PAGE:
Humans of RV Life: The Extraordinary Farnsworths
The Farnsworths are fast approaching five years on the open road! The family of five (six if you count their beloved eight-year-old dog Cinder) downsized to an RV in order to explore the U.S.A. Dad John works as an ICU travel nurse, while mom Kristin works as a marketing manager for their informative and fun YouTube channel No Ordinary Path.
We caught up with John and Kristin Farnsworth, parents-of-three, Ethan, 11, Aaron, 13, and Chloe, 8, while they were in White Mountains of New Hampshire to chat about road schooling, being a first responder during a global pandemic, and how to live a life that is anything but ordinary …
On the perks of RV living:
Kristin: Traveling teaches kids that the world is not as scary a place as we are made to believe. It’s actually an amazing place full of all kinds of different people and full of an incredibly beautiful creation. It never gets old. We stick with RV life because there's still so much to explore.
John: And we’ve grown a lot. We're certainly closer (and that closeness is not always a good thing), but overall, as a family unit we have learned to be very adaptable and have overcome unique challenges and obstacles while becoming stronger.
On honestly portraying the highs and lows of RV life:
Kristin: Social media is full of Pinterest-perfect images. They show the awesome highlights of RV life, and while the positives outweigh the negatives, we want to be real about the unique set of challenges that comes with RV living.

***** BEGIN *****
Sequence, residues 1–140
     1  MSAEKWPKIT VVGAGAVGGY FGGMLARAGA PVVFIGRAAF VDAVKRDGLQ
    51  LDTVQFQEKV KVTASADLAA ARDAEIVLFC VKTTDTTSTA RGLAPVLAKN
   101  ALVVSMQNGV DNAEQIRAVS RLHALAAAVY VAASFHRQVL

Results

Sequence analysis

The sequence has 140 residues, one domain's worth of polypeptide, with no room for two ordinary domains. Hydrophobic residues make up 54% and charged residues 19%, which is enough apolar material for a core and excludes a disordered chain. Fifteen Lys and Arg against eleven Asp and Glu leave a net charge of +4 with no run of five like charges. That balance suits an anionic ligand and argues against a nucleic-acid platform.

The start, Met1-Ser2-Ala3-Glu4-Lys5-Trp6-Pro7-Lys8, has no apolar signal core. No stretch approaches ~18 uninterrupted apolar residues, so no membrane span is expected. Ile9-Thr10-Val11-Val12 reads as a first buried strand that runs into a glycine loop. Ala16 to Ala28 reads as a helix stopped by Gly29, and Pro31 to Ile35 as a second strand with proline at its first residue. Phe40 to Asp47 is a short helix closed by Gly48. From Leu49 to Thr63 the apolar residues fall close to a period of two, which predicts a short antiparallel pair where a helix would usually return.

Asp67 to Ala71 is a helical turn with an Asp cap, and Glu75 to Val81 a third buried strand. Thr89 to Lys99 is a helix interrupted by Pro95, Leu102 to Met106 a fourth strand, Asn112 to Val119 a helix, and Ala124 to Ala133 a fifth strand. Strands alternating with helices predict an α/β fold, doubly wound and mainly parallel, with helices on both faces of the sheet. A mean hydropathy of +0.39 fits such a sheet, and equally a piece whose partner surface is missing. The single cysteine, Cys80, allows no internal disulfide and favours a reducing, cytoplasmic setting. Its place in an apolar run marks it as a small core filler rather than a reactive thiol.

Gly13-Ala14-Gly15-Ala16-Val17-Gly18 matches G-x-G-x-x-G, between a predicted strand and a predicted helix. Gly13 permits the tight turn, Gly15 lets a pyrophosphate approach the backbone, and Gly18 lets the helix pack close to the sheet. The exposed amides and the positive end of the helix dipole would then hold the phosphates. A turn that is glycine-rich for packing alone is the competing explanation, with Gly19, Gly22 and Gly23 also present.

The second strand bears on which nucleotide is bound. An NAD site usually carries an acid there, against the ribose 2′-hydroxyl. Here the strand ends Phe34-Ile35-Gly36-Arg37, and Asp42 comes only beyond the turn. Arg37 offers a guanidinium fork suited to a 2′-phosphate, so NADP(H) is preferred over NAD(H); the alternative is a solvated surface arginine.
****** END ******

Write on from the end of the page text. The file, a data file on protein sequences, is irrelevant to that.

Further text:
The good thing is that RV life teaches you to become a really good independent problem solver because, well, there's usually always a new problem to solve!
John: And it all becomes part of the adventure. Even when we run into the hard stuff, it makes for great content because it's an interesting challenge. It’s true to life, and I think people appreciate the authenticity.
On the importance of a family home base:
Kristin: A year or two back, we knew that we didn't want to stop traveling but we did miss having a place to land. We decided to put down roots so we could take short breaks from RV life. We started looking for a house two years ago, and finally in February we found a home in Glendale, Arizona. We couldn’t be more excited about it. Even though we’re exploring New England at the moment, and loving it, we are still excited to get back to Arizona for the winter.
John: Our house is also a kind of long-term investment or retirement strategy. I wanted a place to call home that we can fall back on if anything devastating happens. But in the meantime, the home works for us as a rental property while we’re out traveling in the RV.
On road schooling three children:
Kristin: I thought I could never teach my own kids. But I actually love it. I’m always looking ahead in the curriculum to see what they’re going to be learning. It’s a challenging game, but it’s so worth it.
We saw our kids fall in love with learning, again. I love that about road school. This whole experience is teaching them to always ask questions so that they are always learning whether they are in school or not.
We did a field trip to the University of Arizona and the kids were able to look through telescopes and see a supernova with their own eyes that was 40 million light-years away. We get to pick what fits for our kids, while giving them hands-on experiences that makes it so much more engaging and exciting.
On the benefits of living with less:
John: When we first started living the RV life, we moved into a Keystone Passport travel trailer. We had to learn to live with less. Initially, it was a bit of a shock. We went from a large two-story home in Colorado to a 37-foot travel trailer with only a few cabinets. It was tight!